Snow storms dying out over the weekend. Sunny and warm next week with great skiing.
It’s been a week of cold temperatures and plenty of snowfall. Snow conditions are currently excellent in the N French Alps and surrounding areas (indeed throughout most of the Alps). More snowfall is due today (Friday), dying out on Saturday – all through the Alps but mainly on the Western side. We are now able to ski down to altitudes of 1000 m or lower with snow depths deeper than normal for the time of season (a dramatic change from even a week ago, when we were wrecking our skis on hidden rocks). With an avalanche danger level of 4 out of 5 most of the week, we’ve been taking it easy and staying mainly on and around slope angles below 30°. The snow falling at the time of this writing is going to maintain the 4 to 5 danger level at least through Saturday and maybe into Sunday (mainly in the N French Alps and areas most hit by the big snowfalls) due to the storm related avalanche danger – known in the profession as ‘storm (slab) avalanches’ and some times ‘direct action avalanche’ which is the avalanche activity during and just after (about 24 hours) the snow/weather event. After this last big storm, and the direct – storm avalanche activity, the avalanche danger will drop significantly on Sunday and Monday thanks to the warming temperatures. The warming temperatures will contribute to a brief, maybe intense, cycle of instability / avalanche activity, but the net effect will be a solid stabilising of the snowpack for at least the next week. See Henry’s video below for his overview.
From Monday onwards we’re going to see wall to wall sunshine. A high pressure weather system is coming in. Temperatures will rise markedly on Sunday and will continue like this for the rest of the week – very mild for the time of season.
In the past week, it’s been very cold with some poor visibility days interspersed with beautiful sunny ones. The N wind has been howling at times. The off-piste snow quality is very dense in places, but fantastically light in others (particularly where it’s sheltered from the wind). With these quantities of fresh snow, any initial early season snowpack instability due to the very thin base layer, is rapidly becoming a thing of the past. While we were skiing off-piste yesterday, we saw some chamois running through the deep snow high above us, but not releasing any snow slides – a reassuring sign that things are now stabilising.
Temperatures look to rise considerably from Sunday onwards (with 0° C predicted at 3000 m). With this warmer weather we’ll see an initial phase of snowpack instability which will manifest itself most probably in the form of natural fresh/wet snow avalanches in many places just after the snowfalls. However, the net effect is that snowpack stability will improve, as long as the less cold snow (and water-saturated snowpack at altitudes lower than 1500m) will settle and bond more significantly, basically glueing itself together. See our blog about wet snow avalanches for more on this.
Of course, these warmer temperatures won’t make for the best quality of off-piste snow, as far as skiers are concerned. It will be pretty heavy and hard work on the knees, especially at warmer lower altitudes.
What is the current avalanche danger level in the Northern French Alps/Savoie?
With an avalanche danger level varying between 3 to 4 out of 5 most of the past week, we’ve been taking it easy and staying mainly on slope angles below 30°. As we write on Friday 10th, it is 4/5.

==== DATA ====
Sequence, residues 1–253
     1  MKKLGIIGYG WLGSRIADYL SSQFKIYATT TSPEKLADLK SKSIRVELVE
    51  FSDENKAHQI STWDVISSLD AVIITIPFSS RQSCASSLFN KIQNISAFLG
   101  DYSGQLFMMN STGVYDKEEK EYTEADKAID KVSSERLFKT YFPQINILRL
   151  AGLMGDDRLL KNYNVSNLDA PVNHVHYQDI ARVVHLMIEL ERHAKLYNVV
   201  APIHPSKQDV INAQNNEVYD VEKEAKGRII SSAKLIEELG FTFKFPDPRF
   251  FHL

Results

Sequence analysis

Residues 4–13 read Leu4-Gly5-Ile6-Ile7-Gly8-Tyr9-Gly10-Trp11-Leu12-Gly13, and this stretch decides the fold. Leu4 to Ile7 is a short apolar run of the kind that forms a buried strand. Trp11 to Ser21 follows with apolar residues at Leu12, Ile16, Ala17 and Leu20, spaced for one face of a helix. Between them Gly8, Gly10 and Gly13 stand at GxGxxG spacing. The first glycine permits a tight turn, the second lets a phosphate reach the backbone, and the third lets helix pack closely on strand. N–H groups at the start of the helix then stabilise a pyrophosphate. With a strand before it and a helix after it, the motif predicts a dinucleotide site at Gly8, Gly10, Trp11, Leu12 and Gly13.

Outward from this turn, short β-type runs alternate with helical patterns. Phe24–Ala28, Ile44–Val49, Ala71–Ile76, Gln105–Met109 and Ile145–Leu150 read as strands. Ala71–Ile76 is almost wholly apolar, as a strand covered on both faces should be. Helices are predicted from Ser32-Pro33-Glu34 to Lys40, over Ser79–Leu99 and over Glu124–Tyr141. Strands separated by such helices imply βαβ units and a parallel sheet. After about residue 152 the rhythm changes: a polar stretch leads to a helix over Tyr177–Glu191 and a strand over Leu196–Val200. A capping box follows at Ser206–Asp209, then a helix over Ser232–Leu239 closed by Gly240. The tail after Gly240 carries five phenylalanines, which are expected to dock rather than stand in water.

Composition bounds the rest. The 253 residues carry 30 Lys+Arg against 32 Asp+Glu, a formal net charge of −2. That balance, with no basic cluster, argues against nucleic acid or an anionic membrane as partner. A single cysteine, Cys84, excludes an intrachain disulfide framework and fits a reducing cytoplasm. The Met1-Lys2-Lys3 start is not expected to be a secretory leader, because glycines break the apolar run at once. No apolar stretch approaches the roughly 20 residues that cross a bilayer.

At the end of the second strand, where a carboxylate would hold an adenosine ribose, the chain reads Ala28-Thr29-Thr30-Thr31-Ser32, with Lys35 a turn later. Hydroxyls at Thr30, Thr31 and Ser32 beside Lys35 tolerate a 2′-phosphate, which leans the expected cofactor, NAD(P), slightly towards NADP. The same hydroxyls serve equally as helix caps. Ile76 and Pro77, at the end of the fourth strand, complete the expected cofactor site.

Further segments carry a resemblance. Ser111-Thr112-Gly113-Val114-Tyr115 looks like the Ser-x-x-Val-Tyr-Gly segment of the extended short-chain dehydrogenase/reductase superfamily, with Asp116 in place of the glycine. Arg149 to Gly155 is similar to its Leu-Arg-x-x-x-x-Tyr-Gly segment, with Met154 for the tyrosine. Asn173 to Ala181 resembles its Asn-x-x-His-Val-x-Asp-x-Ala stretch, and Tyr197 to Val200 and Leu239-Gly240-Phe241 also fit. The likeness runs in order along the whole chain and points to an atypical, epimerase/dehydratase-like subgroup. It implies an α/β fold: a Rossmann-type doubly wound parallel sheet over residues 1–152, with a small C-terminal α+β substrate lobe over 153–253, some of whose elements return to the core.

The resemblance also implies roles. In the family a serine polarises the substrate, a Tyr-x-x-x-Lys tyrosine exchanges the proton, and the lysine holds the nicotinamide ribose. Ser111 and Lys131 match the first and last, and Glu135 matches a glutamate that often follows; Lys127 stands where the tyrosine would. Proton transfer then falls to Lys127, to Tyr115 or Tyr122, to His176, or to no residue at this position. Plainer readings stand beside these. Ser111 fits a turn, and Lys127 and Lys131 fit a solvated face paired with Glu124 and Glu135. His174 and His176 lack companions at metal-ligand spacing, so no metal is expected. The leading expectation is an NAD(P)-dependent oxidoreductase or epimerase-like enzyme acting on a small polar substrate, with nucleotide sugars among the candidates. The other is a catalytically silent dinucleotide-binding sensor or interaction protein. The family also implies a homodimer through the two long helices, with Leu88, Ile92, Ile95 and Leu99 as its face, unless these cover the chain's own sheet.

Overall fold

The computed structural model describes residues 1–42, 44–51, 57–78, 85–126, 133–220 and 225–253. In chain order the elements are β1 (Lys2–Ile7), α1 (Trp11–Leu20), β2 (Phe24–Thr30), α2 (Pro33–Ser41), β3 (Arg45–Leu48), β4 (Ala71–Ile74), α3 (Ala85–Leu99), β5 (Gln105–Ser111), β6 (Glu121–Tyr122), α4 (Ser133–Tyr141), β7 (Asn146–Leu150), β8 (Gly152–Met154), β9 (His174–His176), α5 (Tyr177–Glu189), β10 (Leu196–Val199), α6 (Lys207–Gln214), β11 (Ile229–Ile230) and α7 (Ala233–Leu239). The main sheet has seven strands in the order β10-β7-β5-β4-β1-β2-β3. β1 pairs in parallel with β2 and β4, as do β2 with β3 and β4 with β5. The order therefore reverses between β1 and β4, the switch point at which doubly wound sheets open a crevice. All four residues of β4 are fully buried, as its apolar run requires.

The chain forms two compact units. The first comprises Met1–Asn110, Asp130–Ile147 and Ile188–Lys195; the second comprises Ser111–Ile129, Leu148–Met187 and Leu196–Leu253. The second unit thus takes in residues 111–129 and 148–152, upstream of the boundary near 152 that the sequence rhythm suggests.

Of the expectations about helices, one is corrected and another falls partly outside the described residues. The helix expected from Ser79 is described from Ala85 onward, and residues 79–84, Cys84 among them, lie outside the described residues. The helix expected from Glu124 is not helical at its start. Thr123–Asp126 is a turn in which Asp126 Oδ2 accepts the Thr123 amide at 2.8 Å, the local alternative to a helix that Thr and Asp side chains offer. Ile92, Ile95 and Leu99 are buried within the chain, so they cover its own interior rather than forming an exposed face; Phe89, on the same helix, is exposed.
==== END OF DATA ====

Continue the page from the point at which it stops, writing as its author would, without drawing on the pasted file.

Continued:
With temperatures warming up from Sunday onwards, we’ll see a period of initial instability with a lot of natural wet snow avalanche activity. This will eventually result in improved snow stability, however (see above).
Where is most at risk at the moment?
Steep slopes with terrain traps beneath them are always going to be particularly at risk (see our Accident Reduction Framework). This week, with the considerable depths of snow we’ve received, all slopes have been at risk. We’ve mainly been sticking with the ‘low hanging fruit’, and remaining cautious of the slopes steeper than 30°.
How does the forecast look for the coming week?
Another big snowstorm on Friday. Sunny and mild from Sunday onwards!!
Heavy snowfall : 15 to 20 cm in the valley floors and up to 60 cm above 3000 m. Rain/snow limit around 500/700 m. High avalanche risk (and chaos on the roads). -10° C at 2300 m, 0° C around 700-1000 m
Much calmer weather, but cloudy with poor visibility for skiers. Brightening up as the day goes on. High avalanche risk. 0° C around 600 m.
Hazy sunshine in the mountains. Much warmer temperatures, with 0° at 2800 m. Light wind.
Monday 13th & Tuesday 14th
Beautiful sunny day with very mild temperatures for the time of season (0° C at 2800/2900 m). Light winds coming from a west’ish direction.
Wednesday 15th & Thursday 16th
Remaining dry, sunny and mild. 0° at 3000 m.
Tip of the week
Check out our important Accident Reduction Framework to help you apply what you know and have learned and/or point you in the right direction for learning more.
There’s a long list of evidence that shows how applying simple frameworks, checklists and memory aids reduce risk in ‘high consequence, low feedback’ risk contexts prevalent in: aviation, military, finance, health care, avalanche terrain etc.
See our HAT quick reference ‘Safety is Freedom Framework’ for accident reduction in avalanche terrain. The Framework is aimed at all levels of off-piste and touring: for beginners: a point of departure; for experts: a guide for further learning; for pros: it’s a great framework for client training and quick memory aid.
The Framework is best if accompanied by training such as HAT events and on-snow courses, but it’s also a useful companion for all training as it focuses on the basic key points that all avalanche training courses address – it helps you to keep focused on the essential accident reduction points.